Electronic Theses and Dissertations

Identifier

2599

Date

2016

Date of Award

4-18-2016

Document Type

Thesis

Degree Name

Master of Science

Major

Psychology

Committee Chair

Frank Andrasik

Committee Member

Gavin Bidelman

Committee Member

Philip Pavlik

Abstract

Categorical perception (CP) is the ability to make a comparative judgment on two or more sounds based on stored auditory perceptual information. CP has been shown to be influential on the expression of language proficiency and other cognitive processes such as reading. Prior research has shown that CP is impacted by attention and specific stimulus characteristics, with conflicting results purporting the expression of CP to occur under contradictory conditions. The current investigation examined the expression of neural and behavioral CP under different listening conditions (i.e., passive vs. active tasks) and during engagement with speech and music stimuli. Our results indicate that CP is influenced by attention (active > passive) and is stronger for more familiar stimulus domains (speech > music). Thus, CP does not generalize to other domains in which a listener is not experienced in and it requires a listener to be actively engaged with the auditory stimulus.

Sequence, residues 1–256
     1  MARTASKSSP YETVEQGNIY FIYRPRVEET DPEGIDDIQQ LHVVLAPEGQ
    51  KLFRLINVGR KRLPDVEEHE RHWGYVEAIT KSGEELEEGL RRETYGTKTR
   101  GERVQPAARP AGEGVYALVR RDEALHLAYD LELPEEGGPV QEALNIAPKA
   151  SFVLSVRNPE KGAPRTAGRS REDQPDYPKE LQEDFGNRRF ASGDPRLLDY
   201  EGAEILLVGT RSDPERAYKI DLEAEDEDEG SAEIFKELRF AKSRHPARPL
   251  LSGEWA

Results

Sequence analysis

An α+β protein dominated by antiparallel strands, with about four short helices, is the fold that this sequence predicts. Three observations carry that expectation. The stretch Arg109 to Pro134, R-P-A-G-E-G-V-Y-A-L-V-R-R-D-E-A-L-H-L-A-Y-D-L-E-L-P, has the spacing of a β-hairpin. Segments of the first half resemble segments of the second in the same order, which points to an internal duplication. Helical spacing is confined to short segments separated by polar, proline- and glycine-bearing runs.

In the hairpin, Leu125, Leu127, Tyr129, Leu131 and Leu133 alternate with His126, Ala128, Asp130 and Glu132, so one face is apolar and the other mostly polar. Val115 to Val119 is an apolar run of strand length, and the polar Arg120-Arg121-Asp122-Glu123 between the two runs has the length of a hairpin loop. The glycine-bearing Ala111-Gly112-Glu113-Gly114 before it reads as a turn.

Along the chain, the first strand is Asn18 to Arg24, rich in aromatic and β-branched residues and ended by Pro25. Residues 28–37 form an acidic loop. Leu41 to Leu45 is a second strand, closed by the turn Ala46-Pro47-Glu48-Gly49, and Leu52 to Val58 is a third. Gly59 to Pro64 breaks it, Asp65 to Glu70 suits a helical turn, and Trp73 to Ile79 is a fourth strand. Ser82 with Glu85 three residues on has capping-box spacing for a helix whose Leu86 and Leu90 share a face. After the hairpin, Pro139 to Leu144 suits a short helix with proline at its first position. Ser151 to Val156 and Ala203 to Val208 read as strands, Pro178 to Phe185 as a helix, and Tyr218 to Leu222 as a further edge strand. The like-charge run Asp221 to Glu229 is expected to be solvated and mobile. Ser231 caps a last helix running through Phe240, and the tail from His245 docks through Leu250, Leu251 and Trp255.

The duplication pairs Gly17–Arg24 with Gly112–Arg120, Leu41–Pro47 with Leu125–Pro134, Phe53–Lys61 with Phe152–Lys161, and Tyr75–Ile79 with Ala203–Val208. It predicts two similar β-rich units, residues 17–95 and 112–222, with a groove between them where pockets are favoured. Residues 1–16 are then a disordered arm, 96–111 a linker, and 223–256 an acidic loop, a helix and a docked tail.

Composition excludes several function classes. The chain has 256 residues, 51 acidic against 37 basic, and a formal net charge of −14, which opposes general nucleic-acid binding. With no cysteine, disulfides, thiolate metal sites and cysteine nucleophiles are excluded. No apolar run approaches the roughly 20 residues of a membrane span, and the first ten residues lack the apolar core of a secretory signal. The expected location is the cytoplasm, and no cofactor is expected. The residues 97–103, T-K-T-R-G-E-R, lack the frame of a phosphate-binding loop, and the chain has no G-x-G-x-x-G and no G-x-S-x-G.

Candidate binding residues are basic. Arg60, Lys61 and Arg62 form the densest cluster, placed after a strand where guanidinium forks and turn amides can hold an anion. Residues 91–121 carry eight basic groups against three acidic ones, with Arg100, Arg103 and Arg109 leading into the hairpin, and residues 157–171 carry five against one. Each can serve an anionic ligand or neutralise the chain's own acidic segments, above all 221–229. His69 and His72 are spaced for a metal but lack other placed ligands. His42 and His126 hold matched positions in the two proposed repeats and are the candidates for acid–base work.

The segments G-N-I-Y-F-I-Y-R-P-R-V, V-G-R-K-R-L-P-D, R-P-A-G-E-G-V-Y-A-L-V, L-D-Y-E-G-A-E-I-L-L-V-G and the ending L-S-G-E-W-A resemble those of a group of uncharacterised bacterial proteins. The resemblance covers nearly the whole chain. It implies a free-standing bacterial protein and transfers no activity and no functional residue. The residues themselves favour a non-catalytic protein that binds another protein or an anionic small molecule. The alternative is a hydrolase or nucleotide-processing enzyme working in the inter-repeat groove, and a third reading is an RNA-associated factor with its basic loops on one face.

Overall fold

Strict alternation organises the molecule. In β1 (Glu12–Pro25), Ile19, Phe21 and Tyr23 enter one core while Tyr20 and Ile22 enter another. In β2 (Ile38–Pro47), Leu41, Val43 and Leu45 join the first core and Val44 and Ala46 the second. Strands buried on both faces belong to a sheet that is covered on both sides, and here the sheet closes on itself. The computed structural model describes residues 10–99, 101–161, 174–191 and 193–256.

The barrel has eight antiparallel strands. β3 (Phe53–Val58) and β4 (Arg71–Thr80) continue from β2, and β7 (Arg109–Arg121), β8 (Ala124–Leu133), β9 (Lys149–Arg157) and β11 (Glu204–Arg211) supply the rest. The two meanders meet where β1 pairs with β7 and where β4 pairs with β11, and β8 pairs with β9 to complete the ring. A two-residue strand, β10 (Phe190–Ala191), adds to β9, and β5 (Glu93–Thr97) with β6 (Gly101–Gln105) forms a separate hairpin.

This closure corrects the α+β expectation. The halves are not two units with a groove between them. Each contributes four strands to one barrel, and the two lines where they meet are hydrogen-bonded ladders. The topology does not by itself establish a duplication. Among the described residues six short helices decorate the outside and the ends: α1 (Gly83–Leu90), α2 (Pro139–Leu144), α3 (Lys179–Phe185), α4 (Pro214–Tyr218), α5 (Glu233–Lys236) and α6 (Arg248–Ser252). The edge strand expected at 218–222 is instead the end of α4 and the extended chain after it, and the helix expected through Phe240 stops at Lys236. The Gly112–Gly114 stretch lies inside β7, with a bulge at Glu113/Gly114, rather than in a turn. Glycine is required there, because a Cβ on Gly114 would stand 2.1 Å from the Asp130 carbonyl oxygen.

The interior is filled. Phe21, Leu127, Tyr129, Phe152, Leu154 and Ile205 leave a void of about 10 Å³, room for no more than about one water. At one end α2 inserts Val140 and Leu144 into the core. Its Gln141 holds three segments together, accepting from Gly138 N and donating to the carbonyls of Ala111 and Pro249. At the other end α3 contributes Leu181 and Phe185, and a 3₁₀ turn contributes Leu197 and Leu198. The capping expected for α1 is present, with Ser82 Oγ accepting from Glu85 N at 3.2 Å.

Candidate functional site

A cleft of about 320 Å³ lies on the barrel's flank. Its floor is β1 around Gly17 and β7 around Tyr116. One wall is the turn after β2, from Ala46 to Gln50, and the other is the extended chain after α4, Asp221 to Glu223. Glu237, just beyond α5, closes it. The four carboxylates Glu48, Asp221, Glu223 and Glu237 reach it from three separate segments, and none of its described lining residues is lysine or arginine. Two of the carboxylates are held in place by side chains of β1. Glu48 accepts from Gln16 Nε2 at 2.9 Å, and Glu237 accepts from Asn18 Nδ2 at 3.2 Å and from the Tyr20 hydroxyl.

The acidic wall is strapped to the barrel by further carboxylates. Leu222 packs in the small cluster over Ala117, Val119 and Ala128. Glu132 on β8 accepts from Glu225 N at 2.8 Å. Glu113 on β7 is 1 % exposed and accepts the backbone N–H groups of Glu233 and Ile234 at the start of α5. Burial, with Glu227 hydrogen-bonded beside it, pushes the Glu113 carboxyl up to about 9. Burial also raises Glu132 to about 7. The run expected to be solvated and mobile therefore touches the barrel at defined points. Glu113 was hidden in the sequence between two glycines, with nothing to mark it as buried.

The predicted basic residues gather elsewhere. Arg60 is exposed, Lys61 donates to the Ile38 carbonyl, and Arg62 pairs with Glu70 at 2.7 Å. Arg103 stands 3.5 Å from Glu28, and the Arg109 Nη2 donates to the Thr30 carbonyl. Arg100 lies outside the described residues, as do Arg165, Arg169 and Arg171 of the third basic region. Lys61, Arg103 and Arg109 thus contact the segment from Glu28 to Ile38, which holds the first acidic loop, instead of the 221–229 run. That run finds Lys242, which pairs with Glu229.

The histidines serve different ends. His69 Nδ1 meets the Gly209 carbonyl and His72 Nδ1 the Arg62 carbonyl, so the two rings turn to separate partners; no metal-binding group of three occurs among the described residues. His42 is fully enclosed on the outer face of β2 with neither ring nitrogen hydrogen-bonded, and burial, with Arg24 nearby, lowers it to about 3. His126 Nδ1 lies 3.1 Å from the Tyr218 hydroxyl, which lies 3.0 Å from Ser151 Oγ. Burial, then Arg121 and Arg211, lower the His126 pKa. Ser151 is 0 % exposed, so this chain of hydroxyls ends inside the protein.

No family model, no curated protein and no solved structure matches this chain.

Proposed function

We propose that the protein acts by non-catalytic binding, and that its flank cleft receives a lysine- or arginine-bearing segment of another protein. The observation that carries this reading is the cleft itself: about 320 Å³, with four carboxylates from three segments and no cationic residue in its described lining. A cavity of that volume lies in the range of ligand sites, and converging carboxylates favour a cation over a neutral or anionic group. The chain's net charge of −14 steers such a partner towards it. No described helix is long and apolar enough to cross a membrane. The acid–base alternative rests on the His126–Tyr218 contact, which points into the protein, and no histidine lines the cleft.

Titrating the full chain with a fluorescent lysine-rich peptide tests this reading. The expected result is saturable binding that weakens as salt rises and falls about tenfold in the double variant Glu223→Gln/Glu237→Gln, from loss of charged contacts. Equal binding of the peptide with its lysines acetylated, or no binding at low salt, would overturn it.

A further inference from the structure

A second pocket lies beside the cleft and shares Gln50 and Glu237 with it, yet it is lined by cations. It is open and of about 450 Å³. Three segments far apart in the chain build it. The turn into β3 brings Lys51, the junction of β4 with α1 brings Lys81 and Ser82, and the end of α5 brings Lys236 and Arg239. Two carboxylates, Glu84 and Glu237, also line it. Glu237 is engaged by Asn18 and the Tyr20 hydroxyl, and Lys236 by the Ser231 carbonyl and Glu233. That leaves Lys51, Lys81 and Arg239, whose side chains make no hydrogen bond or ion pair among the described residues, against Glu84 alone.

Comments

Data is provided by the student.

Library Comment

dissertation or thesis originally submitted to the local University of Memphis Electronic Theses & dissertation (ETD) Repository.

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